Exposure to different fields and environments can help you find out what you love to do.
With different patients, tasks, and situations, every day can be fresh and fascinating.
What You’ll Learn
Your course will include the following classes, exams and practical training.
Anatomy, physiology, microbiology, chemistry, nutrition, psychology, and other social and behavioral sciences are some of the subjects you’ll study.
As part of your curriculum, you’ll work in a lab and practice in a clinic, or other healthcare facility.
Take the NCLEX-RN
Before you can start practicing, you need to pass this standardized exam set by the Board of Nursing in every state. It’s designed to make sure you’re ready to work as a Registered Nurse.
What You’ll Do
You’ll get experience in many different specialties while working with doctors and other Registered Nurses in hospitals, clinics and healthcare facilities.
Most of your duties will involve caring directly for patients, monitoring their condition and helping them learn how to manage their illness or injuries at home.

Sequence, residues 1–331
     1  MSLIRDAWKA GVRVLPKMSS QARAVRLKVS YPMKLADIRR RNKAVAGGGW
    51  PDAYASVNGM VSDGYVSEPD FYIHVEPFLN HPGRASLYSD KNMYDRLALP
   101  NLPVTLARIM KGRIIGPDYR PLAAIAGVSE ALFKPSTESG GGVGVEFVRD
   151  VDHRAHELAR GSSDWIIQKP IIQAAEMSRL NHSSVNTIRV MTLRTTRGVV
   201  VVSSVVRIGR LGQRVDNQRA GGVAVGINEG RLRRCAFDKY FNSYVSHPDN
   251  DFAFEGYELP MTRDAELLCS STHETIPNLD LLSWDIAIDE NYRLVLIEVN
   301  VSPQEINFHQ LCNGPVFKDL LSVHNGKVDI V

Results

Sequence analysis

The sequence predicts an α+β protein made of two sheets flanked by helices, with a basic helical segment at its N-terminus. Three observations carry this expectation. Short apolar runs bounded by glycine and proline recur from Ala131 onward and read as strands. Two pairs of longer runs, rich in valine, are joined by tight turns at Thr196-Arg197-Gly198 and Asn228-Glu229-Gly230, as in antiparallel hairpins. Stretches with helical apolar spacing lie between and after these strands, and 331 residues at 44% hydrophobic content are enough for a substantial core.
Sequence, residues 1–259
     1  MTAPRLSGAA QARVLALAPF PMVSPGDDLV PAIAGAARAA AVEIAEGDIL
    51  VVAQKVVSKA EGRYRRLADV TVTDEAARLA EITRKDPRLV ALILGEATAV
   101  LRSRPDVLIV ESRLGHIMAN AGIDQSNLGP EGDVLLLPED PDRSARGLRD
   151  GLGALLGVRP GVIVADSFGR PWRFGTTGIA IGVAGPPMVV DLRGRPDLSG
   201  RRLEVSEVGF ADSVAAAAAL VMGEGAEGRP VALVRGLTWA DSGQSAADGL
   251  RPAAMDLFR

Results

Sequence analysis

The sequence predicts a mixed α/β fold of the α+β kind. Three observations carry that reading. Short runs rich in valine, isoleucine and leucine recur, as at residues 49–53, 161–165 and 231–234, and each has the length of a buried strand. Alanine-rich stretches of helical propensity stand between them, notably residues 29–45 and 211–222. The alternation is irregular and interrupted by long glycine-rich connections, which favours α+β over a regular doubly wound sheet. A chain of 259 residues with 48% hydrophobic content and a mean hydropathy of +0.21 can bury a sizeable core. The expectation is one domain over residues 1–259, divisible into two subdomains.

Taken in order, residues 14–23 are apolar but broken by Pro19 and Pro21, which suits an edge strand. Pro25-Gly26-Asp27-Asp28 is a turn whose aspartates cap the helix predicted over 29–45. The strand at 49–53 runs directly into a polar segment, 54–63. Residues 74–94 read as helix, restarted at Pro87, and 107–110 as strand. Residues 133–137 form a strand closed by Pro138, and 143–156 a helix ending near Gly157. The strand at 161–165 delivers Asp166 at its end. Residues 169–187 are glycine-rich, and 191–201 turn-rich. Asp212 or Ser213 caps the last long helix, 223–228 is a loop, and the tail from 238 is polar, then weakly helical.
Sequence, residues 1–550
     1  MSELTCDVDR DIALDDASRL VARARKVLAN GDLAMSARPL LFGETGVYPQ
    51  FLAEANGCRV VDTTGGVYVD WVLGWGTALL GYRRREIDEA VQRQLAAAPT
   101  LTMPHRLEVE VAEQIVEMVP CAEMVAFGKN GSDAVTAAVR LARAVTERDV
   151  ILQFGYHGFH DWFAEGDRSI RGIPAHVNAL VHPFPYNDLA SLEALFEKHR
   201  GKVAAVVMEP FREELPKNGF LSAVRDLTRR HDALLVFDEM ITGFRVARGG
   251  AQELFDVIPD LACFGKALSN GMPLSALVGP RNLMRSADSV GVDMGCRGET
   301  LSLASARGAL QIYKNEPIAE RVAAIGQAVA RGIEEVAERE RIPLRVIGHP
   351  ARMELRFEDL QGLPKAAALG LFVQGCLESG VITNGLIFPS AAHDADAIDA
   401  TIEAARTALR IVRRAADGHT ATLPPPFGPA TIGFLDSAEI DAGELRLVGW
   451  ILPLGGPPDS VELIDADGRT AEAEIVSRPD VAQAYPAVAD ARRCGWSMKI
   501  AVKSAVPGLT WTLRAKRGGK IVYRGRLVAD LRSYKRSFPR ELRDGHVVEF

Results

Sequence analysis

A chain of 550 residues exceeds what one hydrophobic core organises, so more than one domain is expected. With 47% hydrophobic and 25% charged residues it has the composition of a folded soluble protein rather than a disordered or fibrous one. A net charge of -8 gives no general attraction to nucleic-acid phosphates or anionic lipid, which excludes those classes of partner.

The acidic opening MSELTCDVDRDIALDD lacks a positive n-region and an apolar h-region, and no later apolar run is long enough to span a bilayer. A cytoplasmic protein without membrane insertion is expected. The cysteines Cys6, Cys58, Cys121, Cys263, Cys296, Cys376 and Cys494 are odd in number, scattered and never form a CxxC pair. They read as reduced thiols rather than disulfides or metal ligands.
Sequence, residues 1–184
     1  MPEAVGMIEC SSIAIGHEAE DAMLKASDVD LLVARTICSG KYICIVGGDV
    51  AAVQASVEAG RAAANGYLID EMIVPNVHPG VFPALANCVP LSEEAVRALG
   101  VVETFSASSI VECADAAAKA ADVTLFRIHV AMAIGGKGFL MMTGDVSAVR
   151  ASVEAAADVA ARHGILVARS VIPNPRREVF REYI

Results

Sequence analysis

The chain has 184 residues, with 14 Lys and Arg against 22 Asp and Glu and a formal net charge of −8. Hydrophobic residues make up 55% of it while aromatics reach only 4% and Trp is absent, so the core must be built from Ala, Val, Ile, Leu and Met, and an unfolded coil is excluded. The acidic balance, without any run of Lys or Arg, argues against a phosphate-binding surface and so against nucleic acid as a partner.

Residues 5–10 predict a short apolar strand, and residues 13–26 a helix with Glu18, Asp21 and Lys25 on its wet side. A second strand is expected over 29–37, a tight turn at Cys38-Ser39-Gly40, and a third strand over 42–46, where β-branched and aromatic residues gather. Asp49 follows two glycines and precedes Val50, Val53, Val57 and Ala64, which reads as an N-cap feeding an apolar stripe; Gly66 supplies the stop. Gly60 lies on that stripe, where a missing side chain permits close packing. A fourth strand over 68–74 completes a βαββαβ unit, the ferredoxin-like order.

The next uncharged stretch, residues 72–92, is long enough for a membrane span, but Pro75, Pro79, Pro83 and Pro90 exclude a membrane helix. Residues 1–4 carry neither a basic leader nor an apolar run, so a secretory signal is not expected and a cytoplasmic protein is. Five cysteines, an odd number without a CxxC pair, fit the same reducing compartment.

Where You’ll Work
- Doctor’s Offices
- Outpatient Care Centers
- Nursing Homes
Did You Know
Jobs for Registered Nurses will increase 15% by 2026.
How to Get Ahead
One of the best things about being a nurse? You’ll never stop learning. You’ll have opportunities to grow from the day you start your career.
Continue Your Education
Most of the places you’ll work will offer courses that keep your skills sharp and your knowledge up to date.
Get a BSN
A Bachelor of Science in Nursing (BSN) will lead to more responsibilities and more opportunities.
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